It was a Monday. A steady rain fell over the world, encompassing everything in a barrage of hydration. It was a Monday. Besides this dampening, nothing in the morning’s events were any different than those of the past. Class began as it always had. Students entered the room and ventured to our respective places. As with all classes, a short, unexplained gap existed between the beginning of the day, and the moment when the day actually began. During this time, students mill about making conversation, plotting the weekend, and generally doing nothing useful. No doubt this is the mandatory time teachers give themselves to harness any patience they can.
Daniel had never been one to converse during these times. What was there to say that was worth mentioning? In a world full of meaningless rhetoric, he was a misty wave of unnoticeable silence. Devoid of any sort of extroversive expertise, he was even less noticed than the fly that landed on the tissue box to his immediate right. In this secluded state, Daniel would often take precious moments to ponder. ‘If the world were to end, would any of these conversations even matter?’ Figuring not, he continued to sit, yearning for the perpetuality of the nonsense to end.
Time seemed to drag continually onward, forcing Daniel to face the reality that indeed class might actually never begin. In such a situation, what would he do? What would anyone do? Panic. Anguish. Rage. In mere moments Daniel felt the full range of grief’s arsenal. Time seemed to drag on in an uninterrupted state, only kept in check by a clock gingerly resting above the room’s entrance.
Had he been more versed in these situations, Daniel may have simply gone in the hallway, searching for his missing instructor or better yet engaged his classmates in some sort of meaningful interaction. Caught in the middle of a conversational battlefield however forced his mind to his immediate surroundings and lack of social ability.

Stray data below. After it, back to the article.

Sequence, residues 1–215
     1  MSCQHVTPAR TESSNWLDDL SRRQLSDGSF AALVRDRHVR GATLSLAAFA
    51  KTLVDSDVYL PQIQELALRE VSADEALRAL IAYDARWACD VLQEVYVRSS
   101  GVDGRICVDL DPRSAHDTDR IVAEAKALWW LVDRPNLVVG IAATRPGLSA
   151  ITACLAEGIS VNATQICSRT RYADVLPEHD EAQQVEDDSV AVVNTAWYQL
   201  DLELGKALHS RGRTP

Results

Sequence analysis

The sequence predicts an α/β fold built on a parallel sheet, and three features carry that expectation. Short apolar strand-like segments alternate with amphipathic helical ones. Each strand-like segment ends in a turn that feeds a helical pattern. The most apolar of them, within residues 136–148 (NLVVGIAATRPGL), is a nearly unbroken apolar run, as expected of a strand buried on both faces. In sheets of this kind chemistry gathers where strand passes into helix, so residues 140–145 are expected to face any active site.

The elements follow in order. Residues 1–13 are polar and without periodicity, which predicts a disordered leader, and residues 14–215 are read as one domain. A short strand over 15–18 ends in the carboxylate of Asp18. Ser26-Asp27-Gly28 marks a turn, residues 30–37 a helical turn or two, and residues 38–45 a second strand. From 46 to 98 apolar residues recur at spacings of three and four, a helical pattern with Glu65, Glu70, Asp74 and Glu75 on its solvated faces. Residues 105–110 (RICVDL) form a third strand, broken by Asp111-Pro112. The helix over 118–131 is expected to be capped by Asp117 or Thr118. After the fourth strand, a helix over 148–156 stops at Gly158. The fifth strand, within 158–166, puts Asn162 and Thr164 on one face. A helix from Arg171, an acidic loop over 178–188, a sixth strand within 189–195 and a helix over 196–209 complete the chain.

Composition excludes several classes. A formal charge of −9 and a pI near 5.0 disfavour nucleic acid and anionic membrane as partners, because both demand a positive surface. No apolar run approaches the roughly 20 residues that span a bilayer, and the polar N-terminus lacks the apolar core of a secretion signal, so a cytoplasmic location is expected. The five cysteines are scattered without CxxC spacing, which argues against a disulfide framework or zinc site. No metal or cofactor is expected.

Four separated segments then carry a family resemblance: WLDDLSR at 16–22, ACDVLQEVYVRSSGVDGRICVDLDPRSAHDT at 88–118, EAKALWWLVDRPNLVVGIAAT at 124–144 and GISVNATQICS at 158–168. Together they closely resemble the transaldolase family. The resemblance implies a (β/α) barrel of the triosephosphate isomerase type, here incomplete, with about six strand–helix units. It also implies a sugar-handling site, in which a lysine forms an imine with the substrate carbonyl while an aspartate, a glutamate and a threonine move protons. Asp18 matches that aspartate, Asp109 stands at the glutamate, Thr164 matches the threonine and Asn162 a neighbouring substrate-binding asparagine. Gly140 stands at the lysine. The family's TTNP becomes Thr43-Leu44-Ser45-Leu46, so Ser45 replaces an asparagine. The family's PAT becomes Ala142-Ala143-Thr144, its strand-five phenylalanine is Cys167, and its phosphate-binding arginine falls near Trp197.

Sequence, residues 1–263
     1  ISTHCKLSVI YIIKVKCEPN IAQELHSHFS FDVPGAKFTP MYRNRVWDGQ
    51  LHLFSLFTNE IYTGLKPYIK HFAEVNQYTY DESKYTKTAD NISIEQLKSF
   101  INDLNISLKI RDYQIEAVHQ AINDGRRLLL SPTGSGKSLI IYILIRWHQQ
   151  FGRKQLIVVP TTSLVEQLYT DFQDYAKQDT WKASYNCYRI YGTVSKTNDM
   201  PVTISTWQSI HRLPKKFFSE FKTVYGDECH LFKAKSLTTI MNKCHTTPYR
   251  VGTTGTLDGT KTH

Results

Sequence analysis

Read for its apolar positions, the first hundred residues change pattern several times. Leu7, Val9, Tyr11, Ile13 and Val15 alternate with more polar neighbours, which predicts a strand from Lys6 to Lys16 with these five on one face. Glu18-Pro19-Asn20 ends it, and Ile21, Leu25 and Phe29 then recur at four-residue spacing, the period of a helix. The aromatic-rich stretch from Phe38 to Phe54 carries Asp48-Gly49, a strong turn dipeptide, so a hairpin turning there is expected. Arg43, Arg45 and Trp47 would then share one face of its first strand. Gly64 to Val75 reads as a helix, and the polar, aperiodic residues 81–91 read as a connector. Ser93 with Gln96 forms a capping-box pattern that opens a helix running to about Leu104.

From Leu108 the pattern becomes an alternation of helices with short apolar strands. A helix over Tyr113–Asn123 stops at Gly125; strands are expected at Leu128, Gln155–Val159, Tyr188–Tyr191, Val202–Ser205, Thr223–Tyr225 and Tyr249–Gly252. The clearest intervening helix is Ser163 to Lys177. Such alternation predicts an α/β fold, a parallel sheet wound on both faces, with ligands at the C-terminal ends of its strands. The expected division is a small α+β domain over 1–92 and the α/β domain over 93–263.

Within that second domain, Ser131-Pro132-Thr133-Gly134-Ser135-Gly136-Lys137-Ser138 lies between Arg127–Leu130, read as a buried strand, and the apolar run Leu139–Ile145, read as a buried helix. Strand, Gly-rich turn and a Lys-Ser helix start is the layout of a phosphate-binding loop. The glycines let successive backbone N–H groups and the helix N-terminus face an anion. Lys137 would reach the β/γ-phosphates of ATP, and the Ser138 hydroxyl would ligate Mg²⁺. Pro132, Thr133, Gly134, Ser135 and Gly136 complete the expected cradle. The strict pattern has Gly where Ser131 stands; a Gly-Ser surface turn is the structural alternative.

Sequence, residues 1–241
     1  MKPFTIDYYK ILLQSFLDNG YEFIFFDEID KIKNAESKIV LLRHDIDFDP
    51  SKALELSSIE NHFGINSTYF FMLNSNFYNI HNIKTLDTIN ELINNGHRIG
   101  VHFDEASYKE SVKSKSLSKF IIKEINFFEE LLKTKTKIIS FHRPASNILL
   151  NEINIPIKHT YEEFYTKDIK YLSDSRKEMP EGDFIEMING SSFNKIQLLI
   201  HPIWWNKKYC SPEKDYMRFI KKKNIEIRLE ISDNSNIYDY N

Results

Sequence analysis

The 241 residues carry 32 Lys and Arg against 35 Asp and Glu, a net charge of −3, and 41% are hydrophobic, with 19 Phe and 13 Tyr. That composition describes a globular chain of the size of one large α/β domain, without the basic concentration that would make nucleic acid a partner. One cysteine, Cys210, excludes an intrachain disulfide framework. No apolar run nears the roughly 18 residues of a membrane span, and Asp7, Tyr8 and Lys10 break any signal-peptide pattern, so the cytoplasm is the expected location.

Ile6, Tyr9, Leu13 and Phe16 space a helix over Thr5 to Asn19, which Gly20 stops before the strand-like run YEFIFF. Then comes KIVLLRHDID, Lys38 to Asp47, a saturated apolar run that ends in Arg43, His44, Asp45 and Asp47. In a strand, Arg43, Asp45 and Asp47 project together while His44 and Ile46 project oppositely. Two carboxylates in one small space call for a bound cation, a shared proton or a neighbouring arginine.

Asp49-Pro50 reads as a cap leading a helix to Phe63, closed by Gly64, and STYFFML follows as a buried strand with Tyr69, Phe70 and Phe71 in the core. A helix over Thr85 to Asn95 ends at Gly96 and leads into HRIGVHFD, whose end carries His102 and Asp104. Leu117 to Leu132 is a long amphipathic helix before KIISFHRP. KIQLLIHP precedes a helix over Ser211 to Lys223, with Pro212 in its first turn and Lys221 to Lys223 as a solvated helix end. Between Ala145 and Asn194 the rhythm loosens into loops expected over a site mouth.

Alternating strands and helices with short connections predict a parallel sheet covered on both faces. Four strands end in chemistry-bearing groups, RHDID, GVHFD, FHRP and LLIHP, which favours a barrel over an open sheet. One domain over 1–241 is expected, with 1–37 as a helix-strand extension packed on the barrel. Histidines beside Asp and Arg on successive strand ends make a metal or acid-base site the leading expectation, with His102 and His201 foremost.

Suddenly, his immediate self became realized. Taking a first notice of his uninterrupted buzzing counterpart, the tissue box came into full view. Having only just previously learned the illustration about throwing rocks in glass houses, Daniel realized that his one escape from his world of introversive isolation was only to be found in this lightweight projective he now held in his right hand. What if one act of courage could turn the world to notice his existence? One act. One tissue box?
Scanning the room, a target was identified. JeeAe Choi, a classmate from multiple other lectures. Known for her spunk, she was the perfect recipient of a grab at attention. One shot is all it would take. One act. Wisdom thrust from his mind, he prepared himself. It was a Monday. Reaching back, he mustered the little courage my 140 lb. body could hold. If only the entire class could have felt the potential energy building in his frail, teenage body. Undoubtedly, he had reached 9,000.
Leaving Daniel’s hand, Physics was the only force with control over the missile. Physics and the very will of God. To be journalistically honest, to this day no one can remember what happened to the projectile itself. There are tales that it did indeed reach its target, striking the fiery maiden squarely upon the forehead, sending legendary stories of Daniel’s courage rippling through the halls of this particular academic establishment. Other stories tell a different tune, preaching of failure and disgust at lack of accuracy. And even still more fables speak about a scrawny, unknown boy who never actually had the willpower to make the throw. No matter the facts of this moment, what came next was forever emblemed in infamy.
Accompanied by the voice of angels, Daniel’s teacher entered the room in the very moment of his daring endeavor and with one shout, the room, previously so full of teenage energy, now fell silent under the weight of her words. Justice. Instantly feeling the power of his guilt, the now shamed hero slowly marched towards judgement. Having never even been given a verbal warning for any act of negligence, this attention was almost more than his perfectly clear conscience could stand.
Sitting in firm absolution, the instructor gave not even the slightest notion of weakness. Almost whispering her verdict, her words became eternally seared into the mind of this newborn rebel. “Mr. Jackson. You have committed an act of extreme, life-threatening aggression and have violated Protocal 6, Subsection 17 of the International Code of Middle School Conduct. In direct consequence, you have been sentenced to one hour of isolated inhabitance. Immediately following today’s educational activity, you will report to your punishment. May God have mercy on you.”
I have never been the same since that day. Even as I record this memory, I still often stand in awe that I came through this event alive. It was a day to be remembered forever.
It was a Monday.